On view as a part of IMAYŌ: JAPAN’S NEW TRADITIONISTS at

The Art Gallery at the University of Hawai‘i at Mānoa
October 2 – December 2, 2016
Honolulu Museum of Art
October 13, 2016 – January 8, 2017


MITSUTA Haruo produces metal sculptures of insects, crustaceans, and other “creepy-crawlies” with obsessively detailed and extraordinarily lifelike precision. His inspiration is jizai okimono, a kind of jointed, moveable metal sculpture invented in Japan in the 1700s that emphasizes careful attention to realistic detail. Mitsuta’s importance as an artist, however, does not rely only on his mastery of this traditional technique. Rather than confine his jizai okimono to museum display cases or tearoom tokonoma alcoves (the typical viewing contexts for such objects), Mitsuta creates unique situations for his creations, such as displaying a bronze spider in a web woven of fine golden thread, or placing paired metal centipedes on a pillow in an actual bed, intended to amplify viewers’ feelings of fascination, tension, or even repulsion, in effect reinventing this historical sculptural genre through his strategies of display.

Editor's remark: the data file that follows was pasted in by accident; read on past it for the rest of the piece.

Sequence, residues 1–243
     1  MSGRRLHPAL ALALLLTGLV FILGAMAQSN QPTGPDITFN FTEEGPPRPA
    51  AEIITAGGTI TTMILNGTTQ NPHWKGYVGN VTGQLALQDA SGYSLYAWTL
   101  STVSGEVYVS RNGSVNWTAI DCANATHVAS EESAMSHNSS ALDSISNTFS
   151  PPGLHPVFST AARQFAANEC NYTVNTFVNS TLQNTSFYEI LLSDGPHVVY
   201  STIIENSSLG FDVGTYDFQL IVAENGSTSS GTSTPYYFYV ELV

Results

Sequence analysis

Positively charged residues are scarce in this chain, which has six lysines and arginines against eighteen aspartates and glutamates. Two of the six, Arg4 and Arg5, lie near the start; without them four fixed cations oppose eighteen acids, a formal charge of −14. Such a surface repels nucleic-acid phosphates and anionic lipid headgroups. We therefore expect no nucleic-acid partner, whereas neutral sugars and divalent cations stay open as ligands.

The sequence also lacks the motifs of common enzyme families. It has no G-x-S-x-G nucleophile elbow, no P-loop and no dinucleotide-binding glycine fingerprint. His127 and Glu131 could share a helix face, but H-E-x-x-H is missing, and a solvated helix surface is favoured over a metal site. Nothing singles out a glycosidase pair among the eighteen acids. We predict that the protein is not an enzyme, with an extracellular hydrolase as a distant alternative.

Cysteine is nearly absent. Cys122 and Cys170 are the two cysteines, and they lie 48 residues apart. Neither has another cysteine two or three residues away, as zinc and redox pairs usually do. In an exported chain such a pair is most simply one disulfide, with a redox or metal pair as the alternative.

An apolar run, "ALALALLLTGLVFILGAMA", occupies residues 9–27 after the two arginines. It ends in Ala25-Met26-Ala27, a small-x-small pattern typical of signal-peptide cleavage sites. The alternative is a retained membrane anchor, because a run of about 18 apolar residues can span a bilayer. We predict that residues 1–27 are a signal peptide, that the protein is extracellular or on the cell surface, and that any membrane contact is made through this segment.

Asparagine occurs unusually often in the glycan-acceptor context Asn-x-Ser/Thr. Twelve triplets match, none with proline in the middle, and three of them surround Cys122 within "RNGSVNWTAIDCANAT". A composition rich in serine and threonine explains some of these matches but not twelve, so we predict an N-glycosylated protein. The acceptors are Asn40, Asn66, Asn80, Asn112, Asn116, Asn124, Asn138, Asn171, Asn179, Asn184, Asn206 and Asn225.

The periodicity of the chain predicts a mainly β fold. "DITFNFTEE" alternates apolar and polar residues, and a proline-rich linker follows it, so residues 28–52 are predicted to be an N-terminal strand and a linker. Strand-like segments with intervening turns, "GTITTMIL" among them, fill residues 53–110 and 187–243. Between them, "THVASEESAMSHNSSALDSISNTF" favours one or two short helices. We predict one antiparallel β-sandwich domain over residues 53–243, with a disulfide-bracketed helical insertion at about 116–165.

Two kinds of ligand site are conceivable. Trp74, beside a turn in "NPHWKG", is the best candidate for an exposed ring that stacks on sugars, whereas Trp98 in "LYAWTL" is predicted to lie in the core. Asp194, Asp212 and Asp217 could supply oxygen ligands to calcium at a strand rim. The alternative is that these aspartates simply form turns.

more on MITSUTA

installation of Centipedes at Home, 2016 (detail)
bed, brass, copper
approx. 92 x 215 x 120 cm